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Life's a Beach

Nature’s dining room awaits (but please clean up after yourself)


It’s smack-dab in the middle of summer. The skies are blue, the air’s hot and sticky, and the chance of rain is almost nonexistent (at least until 3 or 4 p.m. … every day). In
other words, perfect beach weather! We here on Amelia Island are so spoiled by 13 miles of beautiful beachfront, many of us fail to truly appreciate and embrace the magnificent panoramas surrounding us. Sometimes we forget the rest of the world is kinda dull and drab compared to our island.

Way back when I first moved to glorious Amelia Island, I made it a point to go to the beach as often as I could. First I went every day, but as time went by, those soul-satisfying visits were less frequent. All of life’s everyday tedious details seemed to become more important than the relaxing, pleasurable moments spent surrounded by nature’s bountiful treasures. My life is quite busy and free time is always at a premium. Many days, it’s even tough to find time for a truly exceptional meal, and you know how that makes me feel … I’ll just say unhappy so I don’t get censored. I solve these  problems by merging them into one. The trick? Combine a spectacularly flavorful repast with the casual beach vibes of the coast.

My Amelia Island beach picnics are stress-free and simple—mostly because there are specific sections of the beaches that allow us to drive directly out onto the sand. Sadler Road, Peter’s Point, Burney Park and Amelia Island State Park all allow residents (and visitors with a permit) to run their four-wheel-drive rigs on the sand, pop open the trunk, and lay out an easy picnic. No dragging those ?!*%> coolers across a parking lot of melting asphalt, no multiple trips back and forth to get chairs, towels, umbrella, toys, etc. No need to seek a trashcan or to become a slob who pollutes (just toss everything back in the trunk and empty the trash back home).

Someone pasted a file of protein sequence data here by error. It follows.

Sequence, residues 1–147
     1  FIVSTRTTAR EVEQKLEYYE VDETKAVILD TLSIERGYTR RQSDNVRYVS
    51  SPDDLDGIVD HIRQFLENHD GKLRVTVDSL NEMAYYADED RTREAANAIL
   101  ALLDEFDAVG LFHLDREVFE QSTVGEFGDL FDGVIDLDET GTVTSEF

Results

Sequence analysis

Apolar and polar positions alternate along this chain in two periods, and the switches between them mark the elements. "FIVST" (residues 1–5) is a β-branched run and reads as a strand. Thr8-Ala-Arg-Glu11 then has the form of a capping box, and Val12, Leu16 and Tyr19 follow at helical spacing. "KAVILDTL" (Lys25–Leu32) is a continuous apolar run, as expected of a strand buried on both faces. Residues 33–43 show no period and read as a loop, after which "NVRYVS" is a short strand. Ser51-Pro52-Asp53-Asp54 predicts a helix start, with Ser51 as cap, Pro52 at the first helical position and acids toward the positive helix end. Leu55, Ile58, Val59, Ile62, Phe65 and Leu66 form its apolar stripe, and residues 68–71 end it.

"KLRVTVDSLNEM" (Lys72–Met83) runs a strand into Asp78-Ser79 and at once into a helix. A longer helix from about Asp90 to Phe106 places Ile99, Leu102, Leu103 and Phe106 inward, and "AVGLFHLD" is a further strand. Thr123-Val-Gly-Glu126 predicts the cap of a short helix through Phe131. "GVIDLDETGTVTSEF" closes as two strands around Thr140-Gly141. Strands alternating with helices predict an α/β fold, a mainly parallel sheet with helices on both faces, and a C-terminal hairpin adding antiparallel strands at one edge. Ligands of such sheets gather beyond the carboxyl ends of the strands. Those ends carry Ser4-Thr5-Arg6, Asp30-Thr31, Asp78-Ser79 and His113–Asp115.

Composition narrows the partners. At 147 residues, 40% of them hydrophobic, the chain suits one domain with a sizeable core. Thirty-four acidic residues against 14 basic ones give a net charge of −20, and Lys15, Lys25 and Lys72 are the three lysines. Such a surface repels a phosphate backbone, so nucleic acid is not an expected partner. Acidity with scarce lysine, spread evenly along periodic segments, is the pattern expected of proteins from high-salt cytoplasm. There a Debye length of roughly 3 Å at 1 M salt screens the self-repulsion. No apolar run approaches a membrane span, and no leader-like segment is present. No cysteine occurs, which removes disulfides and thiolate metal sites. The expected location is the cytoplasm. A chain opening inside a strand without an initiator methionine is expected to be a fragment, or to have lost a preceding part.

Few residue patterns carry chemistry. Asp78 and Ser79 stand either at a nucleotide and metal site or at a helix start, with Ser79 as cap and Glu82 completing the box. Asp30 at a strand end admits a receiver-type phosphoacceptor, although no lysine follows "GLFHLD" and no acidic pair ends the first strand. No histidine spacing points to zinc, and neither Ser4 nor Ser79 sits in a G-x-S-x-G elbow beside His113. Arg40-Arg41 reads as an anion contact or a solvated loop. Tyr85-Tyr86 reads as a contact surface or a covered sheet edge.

When our children were small, with enough gear to fill a boxcar, those daily visits were a breeze. We could drive right out on the hard sand. After our trunky picnic, we’d herd the kids a few yards over to the no-driving section of the beach, so they could run around and we didn’t have to worry about vehicle traffic. At the end of the day, there was no whining about a long, hot walk back to the broiling parking lot (ouch—can’t you just feel your bare feet burning on the blistering black tar?), there was no dragging those unbelievably heavy, saltwater-soaked, sand-covered towels through the dunes, there was no fighting over who carried what. We just tossed everything back in the trunk space and drove home.

Beach parking is also well-suited to elderly folks. When my in-laws were frail and couldn’t walk the long boardwalks, we could still drive them out near where the waves would dribble in toward shore, to breathe in the sea breeze, enjoy the view, see seagulls and dolphins and watch the kids romp in the surf. There’s something about a day at the beach that soothes and heals the soul. Try it! Go on a beach picnic, feed your soul as you hear the sigh of the sea and feed your stomach with my old-fashioned potato salad. What a segue!


Chef Bill’s Red Potato Salad  with Mustard & Dill


• 1 pound red potatoes

• 1 oz. mayonnaise

• 1 oz. sour cream

• 1/2 tsp. minced garlic

• 1/2 Tbsp. fresh dill, chopped

• 1 Tbsp. Dijon-style mustard

• 1 Tbsp. Creole mustard

• 1/2 small green bell pepper, julienned

• 1/2 red bell pepper, julienned

• 1/4 red onion, julienned

• 2 celery stalks, julienned

• Salt and pepper to taste



1. Simmer potatoes in salted water with 2 Tbsp. white vinegar until done but still firm. Chill well, cut into quarters.

2. Combine mayonnaise, sour cream, garlic, salt, pepper, dill and mustard; mix well.

3. Combine all ingredients, adjust seasonings with salt and pepper.

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